Of course this kind of mediation requires that the US’ key corresponding measures be included. Concerning the matter, US Special Representative for North Korea Stephen Biegun once said, “I have this perfect outcome moment where the last nuclear weapon leaves North Korea, the sanctions are lifted, the flag goes up in the embassy and the peace treaty is signed in the same hour.” in his remarks in January 31st.
His intent was that ‘Big Deal’-sanctions lifted, US-DPRK diplomatic relations tied, and peace agreement singed-can be realized at the moment of the last nuclear weapons leave North Korea.
However, never mind the conclusion, not even an introduction was written in the Hanoi Summit. This is heavily due to US’ far-fetched demands, insisting North Korea its transfer nuclear weapons to the US and abolish missiles, biochemical weapons and dual-use program in addition to nuclear weapons. Since North Korea has not yet stated its position on measures of abolishing nuclear weapons and material, North Korea itself is not free from the responsibility of summit’s failure.
Imagining a “Perfect Conclusion”
Considering all aspects of the current circumstances and discrepancy between U.S.-DPRK positions, a “Big Deal” with much creativity and reality is desperately needed. A new “Big Deal”-consisting of transferring North Korean nuclear weapons to Russia, lifting sanctions as corresponding measures, signing a peace agreement, building diplomatic relations between US and DPRK-will freshly revitalize conversation on Denuclearization of Korean Peninsula currently at stalemate.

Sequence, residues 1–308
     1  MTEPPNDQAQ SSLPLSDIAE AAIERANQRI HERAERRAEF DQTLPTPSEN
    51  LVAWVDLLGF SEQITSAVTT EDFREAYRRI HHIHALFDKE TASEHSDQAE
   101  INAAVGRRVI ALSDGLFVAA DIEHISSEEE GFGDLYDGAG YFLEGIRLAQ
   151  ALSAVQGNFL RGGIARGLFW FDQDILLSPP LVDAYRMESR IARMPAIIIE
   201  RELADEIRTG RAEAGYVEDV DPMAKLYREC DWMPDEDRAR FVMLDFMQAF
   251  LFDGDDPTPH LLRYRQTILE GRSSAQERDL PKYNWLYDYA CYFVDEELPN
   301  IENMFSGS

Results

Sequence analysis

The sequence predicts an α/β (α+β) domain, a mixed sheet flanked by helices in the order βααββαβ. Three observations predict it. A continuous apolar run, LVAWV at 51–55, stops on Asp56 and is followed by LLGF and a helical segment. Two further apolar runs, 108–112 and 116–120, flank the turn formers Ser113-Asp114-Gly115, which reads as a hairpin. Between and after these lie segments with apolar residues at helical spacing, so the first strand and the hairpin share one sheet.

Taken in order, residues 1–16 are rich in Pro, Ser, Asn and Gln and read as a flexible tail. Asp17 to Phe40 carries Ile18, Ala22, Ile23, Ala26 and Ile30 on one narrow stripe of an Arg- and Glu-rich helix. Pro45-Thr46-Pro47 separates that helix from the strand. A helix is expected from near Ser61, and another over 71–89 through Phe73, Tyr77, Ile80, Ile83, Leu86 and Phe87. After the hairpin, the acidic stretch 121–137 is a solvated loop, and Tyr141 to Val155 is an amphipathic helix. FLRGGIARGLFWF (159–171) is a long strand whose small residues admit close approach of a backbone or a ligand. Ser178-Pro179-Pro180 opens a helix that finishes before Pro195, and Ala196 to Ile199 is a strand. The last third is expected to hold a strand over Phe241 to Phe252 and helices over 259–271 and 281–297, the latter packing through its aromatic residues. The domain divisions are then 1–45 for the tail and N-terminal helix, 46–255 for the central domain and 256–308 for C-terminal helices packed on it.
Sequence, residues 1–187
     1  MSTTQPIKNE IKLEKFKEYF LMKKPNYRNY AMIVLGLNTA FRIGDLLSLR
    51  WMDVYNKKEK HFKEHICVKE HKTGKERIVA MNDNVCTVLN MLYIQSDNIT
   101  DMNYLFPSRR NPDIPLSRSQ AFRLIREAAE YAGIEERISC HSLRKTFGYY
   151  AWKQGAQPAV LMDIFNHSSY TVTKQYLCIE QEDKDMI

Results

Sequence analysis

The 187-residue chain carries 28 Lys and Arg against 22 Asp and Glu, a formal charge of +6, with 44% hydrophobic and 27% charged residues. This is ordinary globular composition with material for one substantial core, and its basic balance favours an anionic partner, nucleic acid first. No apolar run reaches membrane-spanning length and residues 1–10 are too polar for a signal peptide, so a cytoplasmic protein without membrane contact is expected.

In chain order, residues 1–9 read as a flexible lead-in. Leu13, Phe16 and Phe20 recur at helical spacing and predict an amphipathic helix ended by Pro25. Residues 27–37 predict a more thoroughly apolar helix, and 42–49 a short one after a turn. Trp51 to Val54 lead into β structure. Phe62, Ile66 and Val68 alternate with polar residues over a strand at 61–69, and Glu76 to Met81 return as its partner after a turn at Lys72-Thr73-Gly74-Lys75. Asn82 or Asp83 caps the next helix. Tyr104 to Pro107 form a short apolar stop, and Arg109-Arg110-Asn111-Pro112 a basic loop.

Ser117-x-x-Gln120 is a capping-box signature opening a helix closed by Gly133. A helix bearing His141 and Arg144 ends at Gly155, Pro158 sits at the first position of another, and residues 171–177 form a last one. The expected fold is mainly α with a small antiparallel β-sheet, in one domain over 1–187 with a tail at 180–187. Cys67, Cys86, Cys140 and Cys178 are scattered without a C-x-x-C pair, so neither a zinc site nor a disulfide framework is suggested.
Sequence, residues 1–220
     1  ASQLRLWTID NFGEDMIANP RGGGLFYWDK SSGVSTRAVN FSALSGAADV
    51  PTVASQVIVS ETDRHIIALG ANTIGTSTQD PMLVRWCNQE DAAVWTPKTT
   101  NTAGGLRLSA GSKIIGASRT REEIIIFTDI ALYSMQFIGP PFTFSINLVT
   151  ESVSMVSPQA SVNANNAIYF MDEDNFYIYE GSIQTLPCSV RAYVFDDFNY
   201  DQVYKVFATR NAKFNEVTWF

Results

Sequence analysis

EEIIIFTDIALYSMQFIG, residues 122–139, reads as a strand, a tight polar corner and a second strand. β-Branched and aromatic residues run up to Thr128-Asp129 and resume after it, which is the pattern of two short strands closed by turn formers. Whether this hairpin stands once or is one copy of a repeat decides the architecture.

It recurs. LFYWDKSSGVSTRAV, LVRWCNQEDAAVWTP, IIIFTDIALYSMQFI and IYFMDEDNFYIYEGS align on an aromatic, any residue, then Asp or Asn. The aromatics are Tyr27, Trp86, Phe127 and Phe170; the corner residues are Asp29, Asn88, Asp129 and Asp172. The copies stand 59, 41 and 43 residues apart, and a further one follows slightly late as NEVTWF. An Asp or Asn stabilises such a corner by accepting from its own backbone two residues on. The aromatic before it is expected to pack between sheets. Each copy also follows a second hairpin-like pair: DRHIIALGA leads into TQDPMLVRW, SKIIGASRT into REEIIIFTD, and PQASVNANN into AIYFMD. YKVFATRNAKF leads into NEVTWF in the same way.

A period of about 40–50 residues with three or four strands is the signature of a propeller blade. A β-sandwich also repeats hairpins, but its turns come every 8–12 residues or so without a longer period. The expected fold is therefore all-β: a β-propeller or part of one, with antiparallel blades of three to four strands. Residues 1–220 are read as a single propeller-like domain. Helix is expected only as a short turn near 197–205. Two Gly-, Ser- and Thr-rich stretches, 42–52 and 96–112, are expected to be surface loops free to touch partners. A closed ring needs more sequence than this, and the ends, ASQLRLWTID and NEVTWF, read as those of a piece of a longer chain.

Russia is on good terms with North Korea and as two neighboring states, they are connected via both road and rail. Also, Russia has the most abundant experience of nuclear abolishment in the world, and it also owns specialized vehicles and equipment to transfer nuclear weapons and material safely. For safe abolishment, a participation of North Korean scientists and technicians who built nuclear weapons are also essential and these persons could jointly work in Russia for the denuclearization process.
Consequently, I imagine …
“In July 27th 2020, representatives of four nations, South Korea, North Korea, US, and China signed a peace agreement in Panmunjom. Right after, four summits moved to Vladivostok and with president Putin’s warm hospitality, they welcomed Russia’s special train carrying North Korea’s last nuclear weapon. At the same time in United Nations Security Council, all sanctions on North Korea were decided to be lifted completely. At Vladivostok, president Trump declared a normalization of US-DPRK relations and Chairman Kim kindly replied. ‘North Korea’s nuclear capability has fulfilled its historical role as converting 70 years-long antagonistic relations between US and North Korea to peace. Now I solemnly declare a complete abolishment of national nuclear capability.’”
This article was written by Wooksik Cheong(director of PeaceNetwork) and Chaewon Moon(research assistant of PeaceNetwork.) Any individuals or organizations are free to study, cite, publish and distribute the article with a reference of PeaceNetwork website(http://peacekorea.org/zbxe/?mid=Eng_main) If you have any questions regarding to the article please contact Chaewon Moon(firstname.lastname@example.org)